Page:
Click to Continue


Avoid temptation.

The allure of the intriguing headline, one that captivates, provokes, and sparks your imagination.  The promise of an entertaining article, a mere click away.

And just like that, you’re transported into a web of lies; flashy banners, unrelated advertisements, lewd images, irrelevant headlines, all a complex maze of questionable links.  The sensory overload rivals the visual complexity of downtown Hong Kong.

Suddenly you realize.  That article, the one you desired, will be portioned out –a paragraph at a time.  A dozen more page clicks, twelve exasperating page loads before its culmination.  The dreaded, click to continue button rears its deplorable head.  It’s akin to having to stop at a toll booth on the Interstate –every mile.

Page clicks equal profits. Otherwise put: greed rules.

Websites entice readers with the promise of eyebrow lifting material, only to set a trap known as the (contemptuous) slide-show, or gallery.  With each apprehensive click to continue, another webpage loads, another unwanted detour, another page strife with mind numbing, browser-slowing tripe.  And heaven forbid if you have anything less than an Intel Core i7 processor with NASA level memory, otherwise your page load time alone will age you faster than Mel Gibson after his infamous rant.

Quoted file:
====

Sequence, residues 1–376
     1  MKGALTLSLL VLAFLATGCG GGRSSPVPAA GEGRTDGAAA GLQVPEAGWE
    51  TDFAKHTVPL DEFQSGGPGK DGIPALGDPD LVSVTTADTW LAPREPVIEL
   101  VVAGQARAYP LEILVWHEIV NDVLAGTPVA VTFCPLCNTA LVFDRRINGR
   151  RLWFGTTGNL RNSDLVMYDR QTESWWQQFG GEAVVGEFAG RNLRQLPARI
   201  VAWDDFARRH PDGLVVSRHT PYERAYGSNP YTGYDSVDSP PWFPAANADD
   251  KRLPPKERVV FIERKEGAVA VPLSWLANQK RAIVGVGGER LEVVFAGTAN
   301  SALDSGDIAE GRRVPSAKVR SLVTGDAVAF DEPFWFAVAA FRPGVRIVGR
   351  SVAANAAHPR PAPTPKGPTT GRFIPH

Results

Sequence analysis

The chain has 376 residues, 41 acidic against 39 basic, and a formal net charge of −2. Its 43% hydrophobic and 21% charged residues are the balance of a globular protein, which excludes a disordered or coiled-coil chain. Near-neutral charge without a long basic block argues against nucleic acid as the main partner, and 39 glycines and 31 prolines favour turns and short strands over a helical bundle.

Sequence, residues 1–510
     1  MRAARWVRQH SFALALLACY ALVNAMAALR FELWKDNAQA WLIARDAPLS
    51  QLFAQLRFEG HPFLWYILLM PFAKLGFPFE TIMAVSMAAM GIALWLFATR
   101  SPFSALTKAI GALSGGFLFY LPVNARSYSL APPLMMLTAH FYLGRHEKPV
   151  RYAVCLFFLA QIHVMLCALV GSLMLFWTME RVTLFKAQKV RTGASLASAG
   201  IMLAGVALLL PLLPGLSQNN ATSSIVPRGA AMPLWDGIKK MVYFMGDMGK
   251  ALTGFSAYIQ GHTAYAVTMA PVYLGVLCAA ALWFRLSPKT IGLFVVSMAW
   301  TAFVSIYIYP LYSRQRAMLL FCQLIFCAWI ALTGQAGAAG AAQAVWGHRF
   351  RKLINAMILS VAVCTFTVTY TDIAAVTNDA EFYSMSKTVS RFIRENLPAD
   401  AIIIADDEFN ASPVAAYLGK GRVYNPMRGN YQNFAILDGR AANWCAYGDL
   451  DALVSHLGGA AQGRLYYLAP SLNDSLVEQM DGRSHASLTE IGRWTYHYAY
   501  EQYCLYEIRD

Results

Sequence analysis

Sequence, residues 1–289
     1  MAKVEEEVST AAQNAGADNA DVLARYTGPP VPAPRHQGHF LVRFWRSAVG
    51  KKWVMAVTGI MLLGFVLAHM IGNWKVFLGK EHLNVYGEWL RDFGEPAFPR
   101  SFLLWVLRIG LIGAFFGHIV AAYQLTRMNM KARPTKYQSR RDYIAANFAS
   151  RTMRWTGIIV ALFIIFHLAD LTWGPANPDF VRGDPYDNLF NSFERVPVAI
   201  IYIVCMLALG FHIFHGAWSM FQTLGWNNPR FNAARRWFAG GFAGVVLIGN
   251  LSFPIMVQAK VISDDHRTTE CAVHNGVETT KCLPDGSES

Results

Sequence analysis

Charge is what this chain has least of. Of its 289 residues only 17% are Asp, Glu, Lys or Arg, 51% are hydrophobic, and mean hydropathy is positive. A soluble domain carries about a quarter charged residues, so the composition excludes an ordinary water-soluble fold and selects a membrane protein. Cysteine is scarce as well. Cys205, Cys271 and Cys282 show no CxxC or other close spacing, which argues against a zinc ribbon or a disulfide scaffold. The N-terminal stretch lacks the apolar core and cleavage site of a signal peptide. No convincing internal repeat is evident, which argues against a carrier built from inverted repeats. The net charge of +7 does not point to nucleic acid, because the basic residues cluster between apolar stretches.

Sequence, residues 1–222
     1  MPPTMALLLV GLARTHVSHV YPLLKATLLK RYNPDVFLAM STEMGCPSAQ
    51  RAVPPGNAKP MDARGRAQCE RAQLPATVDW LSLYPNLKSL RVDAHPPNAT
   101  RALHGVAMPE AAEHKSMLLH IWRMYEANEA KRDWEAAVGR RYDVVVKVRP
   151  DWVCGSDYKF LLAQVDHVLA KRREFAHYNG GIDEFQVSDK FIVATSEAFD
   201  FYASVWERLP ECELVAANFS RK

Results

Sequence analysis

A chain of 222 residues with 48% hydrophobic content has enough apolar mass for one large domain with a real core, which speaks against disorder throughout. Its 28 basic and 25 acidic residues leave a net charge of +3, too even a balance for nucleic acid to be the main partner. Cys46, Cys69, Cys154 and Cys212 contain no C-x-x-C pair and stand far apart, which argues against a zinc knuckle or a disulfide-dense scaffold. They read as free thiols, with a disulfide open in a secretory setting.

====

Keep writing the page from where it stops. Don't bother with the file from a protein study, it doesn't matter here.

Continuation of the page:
The evilest webmasters, those maniacal manipulators, often camouflage the actual ‘nextblue_arrow_forward_right page’ link, strategically burying it way down the page, at the same time displaying a prominent ‘right-pointing arrow’, dead center, bold as brass, unmissable.  And of course the arrow is a ruse, misleading, the equivalent of a virtual placebo, transporting the reader to yet another unrelated realm of advertised-laced, irrelevant fodder.

More clicks, more cash.

Lately, some landing pages mislead completely, the article of interest nowhere to be found –the classic bait & switch.

Websites prey on the vulnerable.

It comes down to clicks and cash.  With Advertisers being fed misleadingly high site stats, the days of enjoying an entire article on a single click, are gone.  The multiple click slide-show/gallery format is now the norm, no longer confined to lascivious Facebook and Twitter links.  So-called ‘reputable’ online publications are now embracing the tactic.